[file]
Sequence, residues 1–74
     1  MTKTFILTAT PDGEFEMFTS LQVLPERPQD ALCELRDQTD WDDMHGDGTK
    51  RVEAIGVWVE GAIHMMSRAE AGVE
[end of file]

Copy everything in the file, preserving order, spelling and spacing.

Sequence, residues 1–74
     1  MTKTFILTAT PDGEFEMFTS LQVLPERPQD ALCELRDQTD WDDMHGDGTK
    51  RVEAIGVWVE GAIHMMSRAE AGVE